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Top summer reasons children use the Emergency Department: Emergency Department medical director available for interviews 

Our first post-vaccine summer has arrived, bringing travel and group activities roaring back to life. With this excitement – your local Emergency Department is likely preparing for “trauma season,” a spike in children's unintended injuries.

Bonnie Mackenzie, MD, medical director, Lawrence + Memorial Hospital (L+M), Pediatric Emergency Department, discusses the top reasons children are brought to the Emergency Department to give caregivers actionable insight into keeping safe this summer. 

“There is seasonality to the types of visits we see,” said Dr. Mackenzie. “Summer typically brings more trauma and injury related visits versus other seasons because people are participating in a much different set of activities.” 

All-terrain-vehicles (ATVs): Off-roading vehicles are popular with teens, who tend to have a low ability to estimate risk. “ATVs should only be driven by people with a driver’s license,” said Dr. Mackenzie.

Bikes: “Biking is a great, healthy activity,” said Dr. Mackenzie. “Having a properly fitted helmet and appropriately sized bike can reduce risks of head and other injuries. Additionally, children need to be developmentally ready before they forgo training wheels.”

Insect bites: Skin infections or viral/bacterial infections from bug bites can land children in the ED. “Repellent with DEET is recommended after 2 months of age and tick checks are also important in stopping the transmission of Lyme and other tick-borne illnesses,” said Dr. Mackenzie.

Lawn mowers: “Unfortunately every summer, a child is seriously injured by a mower,” said Dr. Mackenzie. Children should be over 16 before they use a ride-on mower and over 12 for a push mower. Smaller children should not be in the area of a mower and all mowers need a release brake, so the blades can be stopped immediately if a child is getting close.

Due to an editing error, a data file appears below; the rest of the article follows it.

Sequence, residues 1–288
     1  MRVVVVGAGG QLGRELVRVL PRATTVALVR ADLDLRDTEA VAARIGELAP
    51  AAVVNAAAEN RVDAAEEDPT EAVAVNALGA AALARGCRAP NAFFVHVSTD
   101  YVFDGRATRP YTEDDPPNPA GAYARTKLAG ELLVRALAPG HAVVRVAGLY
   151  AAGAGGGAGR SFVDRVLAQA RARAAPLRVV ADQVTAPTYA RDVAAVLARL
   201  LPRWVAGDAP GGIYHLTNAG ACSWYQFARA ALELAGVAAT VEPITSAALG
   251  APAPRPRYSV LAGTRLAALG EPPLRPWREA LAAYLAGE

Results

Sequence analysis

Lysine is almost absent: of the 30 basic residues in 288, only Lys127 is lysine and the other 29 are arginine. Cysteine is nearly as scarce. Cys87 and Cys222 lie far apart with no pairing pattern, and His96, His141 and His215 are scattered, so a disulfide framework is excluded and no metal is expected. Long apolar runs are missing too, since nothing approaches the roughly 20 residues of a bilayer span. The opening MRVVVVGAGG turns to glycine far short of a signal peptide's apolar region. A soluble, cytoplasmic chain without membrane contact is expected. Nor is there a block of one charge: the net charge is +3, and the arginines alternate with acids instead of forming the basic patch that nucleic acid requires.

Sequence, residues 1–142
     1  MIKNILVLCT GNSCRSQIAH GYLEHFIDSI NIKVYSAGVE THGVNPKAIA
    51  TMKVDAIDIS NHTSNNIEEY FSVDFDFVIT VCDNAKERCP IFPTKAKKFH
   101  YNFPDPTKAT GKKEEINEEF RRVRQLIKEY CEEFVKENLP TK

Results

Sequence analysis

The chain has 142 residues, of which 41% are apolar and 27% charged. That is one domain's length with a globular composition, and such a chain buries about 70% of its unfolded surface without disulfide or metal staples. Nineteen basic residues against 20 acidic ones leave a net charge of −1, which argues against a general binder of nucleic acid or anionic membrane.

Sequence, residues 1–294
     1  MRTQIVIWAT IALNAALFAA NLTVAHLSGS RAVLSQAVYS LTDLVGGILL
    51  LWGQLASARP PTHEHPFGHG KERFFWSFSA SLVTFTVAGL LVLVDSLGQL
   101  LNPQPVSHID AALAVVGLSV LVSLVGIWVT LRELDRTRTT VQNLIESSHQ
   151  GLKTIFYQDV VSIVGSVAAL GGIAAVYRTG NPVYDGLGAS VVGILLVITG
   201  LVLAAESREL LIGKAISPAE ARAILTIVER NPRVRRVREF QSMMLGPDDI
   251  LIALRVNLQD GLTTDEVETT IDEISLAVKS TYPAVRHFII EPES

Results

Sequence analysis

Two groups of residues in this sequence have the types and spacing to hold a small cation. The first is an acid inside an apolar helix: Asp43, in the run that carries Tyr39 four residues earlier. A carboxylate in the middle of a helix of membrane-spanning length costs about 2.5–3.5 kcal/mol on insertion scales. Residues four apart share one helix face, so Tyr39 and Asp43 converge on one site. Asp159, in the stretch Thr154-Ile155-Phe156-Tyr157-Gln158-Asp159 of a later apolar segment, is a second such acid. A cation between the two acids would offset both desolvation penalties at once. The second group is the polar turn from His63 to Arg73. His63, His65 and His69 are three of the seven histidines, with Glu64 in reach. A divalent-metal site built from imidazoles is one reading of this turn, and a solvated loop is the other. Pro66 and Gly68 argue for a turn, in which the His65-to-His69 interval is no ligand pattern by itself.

Pools: “Pools are a summer staple, but they can be dangerous without supervision, especially since the majority of drownings (fatal and non-fatal) happen when lots of adults are around,” said Dr. Mackenzie. “There needs to be clear communication in terms of who is supervising. Access points to the pool should be limited and locks should be checked regularly.”

Sparklers/fireworks: “By all means get out and enjoy a fireworks show, however the Academy of Pediatrics recommends against at home fireworks and sparkler use,” said Dr. Mackenzie. “Many people don’t realize sparklers can reach 1,000 degrees Fahrenheit.”

Sunburns: “It sounds basic, but we see severe sunburns in the ED every summer and those burns are significant and can lead to dehydration because skin is your largest organ,” said Dr. Mackenzie. Not only is it important to apply sunscreen before going out, but remember to reapply during the day. 

Trampolines: The American Academy of Pediatrics recommends against trampolines for home use as they are a major source of injuries in small children. Dr. Mackenzie shared that 70 percent of trampoline injuries occur when more than one child is jumping at the same time. 

Violence: Violence-related trauma spikes in the summer. The main causes of childhood fatality are accidental and non-accidental gun violence. “Thankfully we don’t see it too much in New London, but we will continue to emphasize the importance of gun safety. Gun owners must have trigger locks and keep ammunition stored and locked in a separate location from their gun. This can go a long way in saving children’s lives.”

When it comes to an uptick in violence during the summer, Dr. Mackenzie emphasized that when kids are out school that is one less safety net in place for them.

If you have concerns that a child is being exposed to any type of violence, you can contact your local pediatrician or state Department of Children and Families 800-842-2288 to help get those children supportive services.

If you do need emergency care, please know:

“At L+M, we do our best to ensure immediate comfort needs are addressed, including a toy cart with stickers and books to keep children occupied in case of a wait,” said Dr. Mackenzie. 

Dr. Mackenzie mentioned that for caregivers who have time to pack, bringing ID and insurance if you have it can be helpful. Also, a phone charger and anything that helps keep your child occupied and calm.

“Socializing in groups while supervising children may be a muscle parents haven’t exercised in months, so being extra mindful this summer can help keep children safe. However, sometimes accidents will happen regardless of how vigilant a parent is and we are always here to take care of children and support families,” said Dr. Mackenzie.